Configuring Synchrony for Data Center
When you install Confluence Server, Synchrony is automatically configured to run as a seperate process on your server.
For Confluence Data Center, we give you full control by allowing you to set Synchrony up yourself. This gives you the flexibility to deploy Synchrony on the same nodes as Confluence, or in its own cluster with as many nodes as you need.
When you start Synchrony, you'll pass a number of system properties to tell Synchrony how to discover nodes in your cluster, where to find your Confluence database and more. System properties are set by passing the
-D flag to the Java virtual machine in which Synchrony is running.
Sensitive information (like database credentials) may be provided using environmental variables (rather than via the command line). Any dots (".") in variable names (identifiers) will need to be replaced with underscores ("_").
See Installing Confluence Data Center for a step by step guide to setting up Synchrony for Data Center.
Synchrony system properties (Data Center only)
The table below describes each property, and its suggested values.
|Property name||Example value||Required||Description|
This tells Synchrony which mode to run in. For Confluence Data Center this must be set to
This is Synchrony's Hazelcast port. If port 5701 is not available, choose a different port.
As with the Confluence Hazelcast port (5801) you should ensure that only permitted cluster nodes are allowed to connect to Synchrony's Hazelcast port, through the use of a firewall and or network segregation.
|synchrony.cluster.base.port||25500||Yes||Synchrony uses Aleph to communicate between nodes. This is the Aleph binding port.|
This tells Hazelcast how to discover nodes. This can be the same as the join configuration for Confluence or different. Values are:
|cluster.join.multicast.group||220.127.116.11||If multicast||If the cluster join type is multicast, specify an IP address for the multicast group, or use the default.|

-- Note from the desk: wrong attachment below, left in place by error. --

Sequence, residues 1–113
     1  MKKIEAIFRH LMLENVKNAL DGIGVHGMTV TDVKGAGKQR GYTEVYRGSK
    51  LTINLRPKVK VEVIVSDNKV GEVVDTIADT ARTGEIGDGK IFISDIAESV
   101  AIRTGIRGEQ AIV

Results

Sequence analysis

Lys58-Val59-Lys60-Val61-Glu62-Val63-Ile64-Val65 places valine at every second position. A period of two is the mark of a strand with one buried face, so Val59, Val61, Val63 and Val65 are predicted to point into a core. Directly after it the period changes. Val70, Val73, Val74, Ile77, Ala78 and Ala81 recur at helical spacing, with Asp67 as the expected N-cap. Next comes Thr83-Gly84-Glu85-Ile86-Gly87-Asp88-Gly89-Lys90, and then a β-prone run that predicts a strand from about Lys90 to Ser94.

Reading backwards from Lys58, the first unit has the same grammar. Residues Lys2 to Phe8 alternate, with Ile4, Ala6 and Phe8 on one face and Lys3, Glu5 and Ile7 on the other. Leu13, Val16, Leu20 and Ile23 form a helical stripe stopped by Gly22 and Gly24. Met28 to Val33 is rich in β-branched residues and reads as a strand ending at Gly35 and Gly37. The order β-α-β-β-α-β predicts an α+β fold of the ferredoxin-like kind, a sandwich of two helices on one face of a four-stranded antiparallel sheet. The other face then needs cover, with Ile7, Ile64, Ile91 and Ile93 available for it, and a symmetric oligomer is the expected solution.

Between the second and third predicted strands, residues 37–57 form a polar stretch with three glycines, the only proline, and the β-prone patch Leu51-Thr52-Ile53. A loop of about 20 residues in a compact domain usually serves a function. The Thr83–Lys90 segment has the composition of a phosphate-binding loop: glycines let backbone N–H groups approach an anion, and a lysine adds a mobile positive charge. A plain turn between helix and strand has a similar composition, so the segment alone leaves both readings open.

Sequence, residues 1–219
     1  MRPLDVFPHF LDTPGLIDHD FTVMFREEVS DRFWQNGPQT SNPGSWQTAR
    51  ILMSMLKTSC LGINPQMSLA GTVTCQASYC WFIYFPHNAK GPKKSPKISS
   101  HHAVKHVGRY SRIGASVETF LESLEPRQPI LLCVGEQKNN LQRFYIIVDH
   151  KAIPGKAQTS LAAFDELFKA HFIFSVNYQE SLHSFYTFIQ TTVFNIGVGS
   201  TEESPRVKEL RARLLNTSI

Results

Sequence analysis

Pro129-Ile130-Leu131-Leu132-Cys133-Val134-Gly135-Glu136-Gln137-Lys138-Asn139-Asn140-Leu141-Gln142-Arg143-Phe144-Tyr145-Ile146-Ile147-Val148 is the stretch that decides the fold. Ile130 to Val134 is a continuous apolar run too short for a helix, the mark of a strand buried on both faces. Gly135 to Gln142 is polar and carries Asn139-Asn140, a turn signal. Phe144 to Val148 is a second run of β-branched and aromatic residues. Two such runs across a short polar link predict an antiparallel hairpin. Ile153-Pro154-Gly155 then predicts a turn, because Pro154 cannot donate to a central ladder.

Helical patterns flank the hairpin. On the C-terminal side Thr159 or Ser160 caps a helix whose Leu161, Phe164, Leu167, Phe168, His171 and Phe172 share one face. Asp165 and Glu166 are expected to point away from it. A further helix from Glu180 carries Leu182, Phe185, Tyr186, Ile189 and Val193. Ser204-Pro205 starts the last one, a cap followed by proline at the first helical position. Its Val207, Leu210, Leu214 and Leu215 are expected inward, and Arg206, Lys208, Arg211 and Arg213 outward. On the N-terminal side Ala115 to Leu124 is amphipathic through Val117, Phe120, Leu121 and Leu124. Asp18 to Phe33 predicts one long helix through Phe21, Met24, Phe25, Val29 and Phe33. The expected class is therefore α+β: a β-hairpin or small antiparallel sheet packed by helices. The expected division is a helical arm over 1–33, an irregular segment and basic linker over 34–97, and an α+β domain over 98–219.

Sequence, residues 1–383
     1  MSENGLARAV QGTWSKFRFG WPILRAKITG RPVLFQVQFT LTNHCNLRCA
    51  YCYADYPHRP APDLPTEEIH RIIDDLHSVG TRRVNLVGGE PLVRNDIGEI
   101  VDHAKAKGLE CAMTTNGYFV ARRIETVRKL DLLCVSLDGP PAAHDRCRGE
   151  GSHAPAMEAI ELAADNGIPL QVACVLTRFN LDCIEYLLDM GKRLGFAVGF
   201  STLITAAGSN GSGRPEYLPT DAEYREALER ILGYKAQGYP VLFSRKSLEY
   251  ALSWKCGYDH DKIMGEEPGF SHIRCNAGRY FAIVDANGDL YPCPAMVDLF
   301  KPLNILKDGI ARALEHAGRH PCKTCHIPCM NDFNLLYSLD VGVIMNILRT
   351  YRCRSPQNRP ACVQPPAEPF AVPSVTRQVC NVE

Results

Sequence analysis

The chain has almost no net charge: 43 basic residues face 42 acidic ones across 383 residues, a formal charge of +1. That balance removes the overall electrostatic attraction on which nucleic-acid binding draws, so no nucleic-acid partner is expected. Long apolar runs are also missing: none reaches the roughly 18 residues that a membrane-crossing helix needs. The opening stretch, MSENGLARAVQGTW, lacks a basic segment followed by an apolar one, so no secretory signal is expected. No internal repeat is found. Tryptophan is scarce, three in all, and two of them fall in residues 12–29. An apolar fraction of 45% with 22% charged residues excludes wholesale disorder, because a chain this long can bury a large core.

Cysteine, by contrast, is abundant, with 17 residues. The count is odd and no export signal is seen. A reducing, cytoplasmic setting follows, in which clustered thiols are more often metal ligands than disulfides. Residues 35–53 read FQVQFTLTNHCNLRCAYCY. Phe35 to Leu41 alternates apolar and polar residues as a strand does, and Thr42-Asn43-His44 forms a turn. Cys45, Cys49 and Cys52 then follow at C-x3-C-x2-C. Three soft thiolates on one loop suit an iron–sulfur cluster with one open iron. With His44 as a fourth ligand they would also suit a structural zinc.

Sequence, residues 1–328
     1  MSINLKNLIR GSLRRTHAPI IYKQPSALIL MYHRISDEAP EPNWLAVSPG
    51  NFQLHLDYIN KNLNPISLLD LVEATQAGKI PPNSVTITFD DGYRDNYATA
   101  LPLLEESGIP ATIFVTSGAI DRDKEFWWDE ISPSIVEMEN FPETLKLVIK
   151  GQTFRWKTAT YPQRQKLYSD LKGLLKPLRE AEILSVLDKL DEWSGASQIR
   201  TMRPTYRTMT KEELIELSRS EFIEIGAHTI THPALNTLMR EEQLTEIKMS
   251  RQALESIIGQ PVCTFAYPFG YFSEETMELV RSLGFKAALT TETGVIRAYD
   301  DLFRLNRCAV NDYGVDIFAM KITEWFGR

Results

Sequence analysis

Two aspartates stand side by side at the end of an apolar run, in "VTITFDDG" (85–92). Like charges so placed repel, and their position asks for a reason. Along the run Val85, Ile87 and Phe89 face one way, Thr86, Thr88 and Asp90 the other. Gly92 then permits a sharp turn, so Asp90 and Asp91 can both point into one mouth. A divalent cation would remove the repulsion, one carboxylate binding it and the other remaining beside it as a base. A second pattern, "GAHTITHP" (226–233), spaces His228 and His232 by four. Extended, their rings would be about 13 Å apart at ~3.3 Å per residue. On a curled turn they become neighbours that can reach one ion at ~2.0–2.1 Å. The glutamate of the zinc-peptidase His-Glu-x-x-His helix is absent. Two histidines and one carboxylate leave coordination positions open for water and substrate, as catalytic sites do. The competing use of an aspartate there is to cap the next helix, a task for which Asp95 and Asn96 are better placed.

|cluster.join.multicast.port||54327||If multicast||If the cluster join type is multicast, specify a multicast port or use the default.|
|cluster.join.multicast.ttl||32||If multicast||If the cluster join type is multicast, this is the time to live threshold. The default,
|cluster.join.tcpip.members||If TCP/IP||If the cluster join type is TCP/IP, this is a comma-separated list of IP addresses for each cluster node.|
|cluster.interfaces||127.0.0.1||Yes||This is the network interface Synchrony will use to commnunicate between nodes.|
|synchrony.cluster.bind||localhost||This is the Aleph binding address. This should be set to the same value as
|synchrony.database.url||Yes||This is the URL for your Confluence database. For example
|synchrony.database.username||Yes||This is the username of your Confluence database user.|
|synchrony.database.password||Yes||This is the password of your Confluence database user.|
|synchrony.port||8091||Yes||This is the HTTP port that Synchrony runs on. If port 8091 is not available, choose a different port.|
|synchrony.bind||localhost||Yes||This is the network interface for Synchrony to bind to. This should be set to the same value as
|synchrony.context.path||/synchrony||Yes||This is the context path for Synchrony. There should be no need to change this.|
|synchrony.service.url||Yes||This is the full URL of the load balancer you've configured Synchrony to run behind for example,
|jwt.private.key||Yes||This key is generated by Confluence. You can copy this key from the
|jwt.public.key||Yes||This key is generated by Confluence. You can copy this key from the <local-home>/confluence.cfg.xml file on your first Confluence node. This key will be the same on all Confluence and Synchrony nodes.|
This is the path to the Synchrony jar file, followed by the path to your database driver. If you're running Synchrony on its own node, you'll need to copy your database driver to an appropriate location then provide the path to this location.
For Linux the syntax is:
For Windows, the syntax is:
If your users are unlikely to be able to get a WebSocket connection to Synchrony (for example your load balancer or reverse proxy does not support WebSockets) you can enable XHR fallback by passing the
synchrony.enable.xhr.fallback system property to Confluence. Note that this is a Confluence system property and must be passed to Confluence, it is not part of your start Synchrony command.
You will need to open Synchrony's port, as you can't use the built-in Synchrony proxy with Data Center. The
synchrony.proxy.enabled system property mentioned in the Confluence Server documentation has no effect in Data Center.